The Independent Voice of Southern Methodist University Since 1915

The Daily Campus

The Daily Campus

The Independent Voice of Southern Methodist University Since 1915

The Daily Campus

The Independent Voice of Southern Methodist University Since 1915

The Daily Campus

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Engineering women and EPA come together for DISD

With finals looming near and Thanksgiving break just around the corner, most students on campus are focused on finishing the semester with a strong showing on their exams. For the women and men of SMU’s Women in Science and Engineering chapter, late November is a last chance to make a difference in the Dallas community before the semester ends. Saturday WISE hosted a Chemistry Day for fifth and sixth grade girls from the Dallas Independent School District.

“Today’s event was organized, not only to provide the girls an opportunity to learn chemistry, but to learn how to socially interact in a diverse environment,” WISE member Shiny Mathewkutty said.

The day’s events began with some general introduction into chemistry and the periodic table. After breakfast, the girls participated in a cultural diversity icebreaker, which aimed to help teach cultural tolerance.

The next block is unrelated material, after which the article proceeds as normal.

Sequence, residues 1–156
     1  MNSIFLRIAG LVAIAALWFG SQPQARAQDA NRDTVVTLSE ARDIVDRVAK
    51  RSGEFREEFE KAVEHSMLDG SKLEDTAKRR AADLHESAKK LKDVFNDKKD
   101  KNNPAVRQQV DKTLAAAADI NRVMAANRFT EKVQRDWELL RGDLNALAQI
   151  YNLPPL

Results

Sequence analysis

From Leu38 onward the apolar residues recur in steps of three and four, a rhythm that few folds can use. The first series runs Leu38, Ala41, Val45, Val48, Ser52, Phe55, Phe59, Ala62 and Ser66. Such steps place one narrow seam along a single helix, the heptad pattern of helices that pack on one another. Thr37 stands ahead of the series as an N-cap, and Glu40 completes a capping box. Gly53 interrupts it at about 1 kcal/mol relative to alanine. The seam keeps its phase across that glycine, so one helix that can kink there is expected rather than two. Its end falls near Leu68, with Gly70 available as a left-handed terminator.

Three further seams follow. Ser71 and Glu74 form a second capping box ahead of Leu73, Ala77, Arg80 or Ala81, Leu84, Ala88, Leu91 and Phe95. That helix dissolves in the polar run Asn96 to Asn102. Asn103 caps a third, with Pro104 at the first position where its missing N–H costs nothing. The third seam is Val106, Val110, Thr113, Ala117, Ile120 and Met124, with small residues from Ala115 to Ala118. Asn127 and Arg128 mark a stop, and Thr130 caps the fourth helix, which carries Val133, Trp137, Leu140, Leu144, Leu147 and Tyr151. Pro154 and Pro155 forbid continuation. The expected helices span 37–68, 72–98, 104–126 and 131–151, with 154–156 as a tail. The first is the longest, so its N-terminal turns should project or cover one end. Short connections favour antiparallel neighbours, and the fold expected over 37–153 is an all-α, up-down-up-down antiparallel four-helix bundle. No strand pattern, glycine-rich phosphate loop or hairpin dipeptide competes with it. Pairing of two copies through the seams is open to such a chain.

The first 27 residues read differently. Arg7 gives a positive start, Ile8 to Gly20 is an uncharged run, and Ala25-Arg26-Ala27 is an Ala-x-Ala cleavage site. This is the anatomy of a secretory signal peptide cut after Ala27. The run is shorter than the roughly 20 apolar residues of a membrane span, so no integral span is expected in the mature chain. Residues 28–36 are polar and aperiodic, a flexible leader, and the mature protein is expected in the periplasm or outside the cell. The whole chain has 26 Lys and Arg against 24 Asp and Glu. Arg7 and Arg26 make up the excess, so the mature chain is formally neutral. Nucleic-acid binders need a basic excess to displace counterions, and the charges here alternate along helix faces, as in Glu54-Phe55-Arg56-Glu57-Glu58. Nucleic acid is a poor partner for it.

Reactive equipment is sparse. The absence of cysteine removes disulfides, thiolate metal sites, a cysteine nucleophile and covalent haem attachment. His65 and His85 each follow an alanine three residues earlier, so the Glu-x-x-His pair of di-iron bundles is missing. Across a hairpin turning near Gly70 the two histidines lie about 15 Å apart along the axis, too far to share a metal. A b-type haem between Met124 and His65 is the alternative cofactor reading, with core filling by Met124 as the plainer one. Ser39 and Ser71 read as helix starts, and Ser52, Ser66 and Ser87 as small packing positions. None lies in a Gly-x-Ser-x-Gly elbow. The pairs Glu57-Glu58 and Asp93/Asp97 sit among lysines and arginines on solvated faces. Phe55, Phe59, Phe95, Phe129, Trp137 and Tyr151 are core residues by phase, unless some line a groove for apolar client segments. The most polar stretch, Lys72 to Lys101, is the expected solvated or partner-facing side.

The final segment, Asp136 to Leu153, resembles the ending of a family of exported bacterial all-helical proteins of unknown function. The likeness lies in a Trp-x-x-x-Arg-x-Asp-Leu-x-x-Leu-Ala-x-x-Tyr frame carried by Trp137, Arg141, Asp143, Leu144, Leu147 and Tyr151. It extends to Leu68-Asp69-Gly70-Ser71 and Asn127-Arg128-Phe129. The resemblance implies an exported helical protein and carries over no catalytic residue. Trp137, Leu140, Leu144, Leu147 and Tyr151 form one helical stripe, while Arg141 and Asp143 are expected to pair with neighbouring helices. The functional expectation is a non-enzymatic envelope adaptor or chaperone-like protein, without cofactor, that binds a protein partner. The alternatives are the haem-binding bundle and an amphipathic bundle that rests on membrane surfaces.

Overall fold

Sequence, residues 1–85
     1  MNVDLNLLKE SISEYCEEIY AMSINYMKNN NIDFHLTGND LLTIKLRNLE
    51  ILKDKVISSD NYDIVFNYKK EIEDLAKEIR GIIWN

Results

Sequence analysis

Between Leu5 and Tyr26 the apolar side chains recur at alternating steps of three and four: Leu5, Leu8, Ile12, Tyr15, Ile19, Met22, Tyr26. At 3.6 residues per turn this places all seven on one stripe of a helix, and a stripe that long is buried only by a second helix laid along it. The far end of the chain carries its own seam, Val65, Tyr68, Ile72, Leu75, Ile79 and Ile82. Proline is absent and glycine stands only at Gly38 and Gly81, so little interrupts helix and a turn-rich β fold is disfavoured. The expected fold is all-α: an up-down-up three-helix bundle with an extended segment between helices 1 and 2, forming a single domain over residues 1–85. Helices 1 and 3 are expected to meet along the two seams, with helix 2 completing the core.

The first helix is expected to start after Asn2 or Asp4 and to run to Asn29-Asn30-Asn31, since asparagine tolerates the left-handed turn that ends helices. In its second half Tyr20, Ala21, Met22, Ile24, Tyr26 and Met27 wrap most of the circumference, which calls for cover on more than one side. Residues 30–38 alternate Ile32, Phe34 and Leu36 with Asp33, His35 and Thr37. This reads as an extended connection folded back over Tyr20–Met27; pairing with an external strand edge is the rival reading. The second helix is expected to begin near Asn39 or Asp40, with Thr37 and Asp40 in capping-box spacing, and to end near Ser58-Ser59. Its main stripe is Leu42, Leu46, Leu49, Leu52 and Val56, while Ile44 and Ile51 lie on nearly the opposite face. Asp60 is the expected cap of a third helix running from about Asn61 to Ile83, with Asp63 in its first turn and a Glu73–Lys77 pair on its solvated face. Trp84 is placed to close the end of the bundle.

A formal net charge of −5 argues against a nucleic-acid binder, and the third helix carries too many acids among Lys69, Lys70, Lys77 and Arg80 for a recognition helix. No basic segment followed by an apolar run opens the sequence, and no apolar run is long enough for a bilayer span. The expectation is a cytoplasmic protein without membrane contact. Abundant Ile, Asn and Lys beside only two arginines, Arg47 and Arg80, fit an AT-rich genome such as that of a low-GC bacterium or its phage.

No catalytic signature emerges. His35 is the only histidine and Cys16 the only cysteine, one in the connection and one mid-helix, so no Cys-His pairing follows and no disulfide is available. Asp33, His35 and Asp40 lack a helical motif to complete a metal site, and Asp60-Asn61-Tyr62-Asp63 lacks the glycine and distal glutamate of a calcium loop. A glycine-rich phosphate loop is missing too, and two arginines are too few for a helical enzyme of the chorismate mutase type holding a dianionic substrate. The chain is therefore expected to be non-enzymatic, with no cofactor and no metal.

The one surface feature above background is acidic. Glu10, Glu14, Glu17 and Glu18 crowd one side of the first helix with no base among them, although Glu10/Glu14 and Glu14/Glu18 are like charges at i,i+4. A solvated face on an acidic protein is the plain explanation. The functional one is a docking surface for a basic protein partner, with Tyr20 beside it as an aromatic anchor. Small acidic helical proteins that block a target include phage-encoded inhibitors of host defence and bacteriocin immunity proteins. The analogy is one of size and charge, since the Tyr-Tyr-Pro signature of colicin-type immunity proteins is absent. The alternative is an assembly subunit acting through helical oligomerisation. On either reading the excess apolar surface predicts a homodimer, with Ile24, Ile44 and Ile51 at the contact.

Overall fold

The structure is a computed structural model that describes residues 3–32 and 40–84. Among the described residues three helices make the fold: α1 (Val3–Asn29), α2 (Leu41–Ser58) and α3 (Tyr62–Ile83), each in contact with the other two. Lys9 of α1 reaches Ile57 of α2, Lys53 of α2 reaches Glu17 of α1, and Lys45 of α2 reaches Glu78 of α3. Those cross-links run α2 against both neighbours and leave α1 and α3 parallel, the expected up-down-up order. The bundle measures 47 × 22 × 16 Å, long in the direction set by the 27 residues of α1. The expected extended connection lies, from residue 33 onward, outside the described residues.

“The girls at these events come from different schools here in [the] Dallas area, with each one having their own levels of cultural diversification,” said the chapter’s co-director, Kawai Wong. “To be a true professional one needs to act not only with competence of knowledge, but with character as well.”

After the icebreakers, a speaker from the Environmental Protection Agency came to teach the girls the importance of conservation. She concentrated on the new concerns the EPA faces after the events of September 11th.

“[The chapter’s] events are designed to help expose the girls to both the physical world around them [and] the social world as well,” WISE member Dena Wright said. “Chemistry is the science of interactions and it seemed the perfect event to focus on how scientists can change the world around them.”

Following the EPA presentation, SMU’s Chemistry Society preformed some basic experiments that focused on the fundamental principles of Chemistry. The girls were then given hands-on chemistry experiments to play with, including the formation of polymers in the form of “gak.”

“To have a truly successful event, you need to not only stimulate the girl’s minds, but their interest as well,” WISE member Mary Borer said. “Lasting education is rooted in not just telling the girls how the world works, but to showing them as well.

“These early exposures to complex ideas provide a basis for academic learning that will stay with them throughout their lives.”

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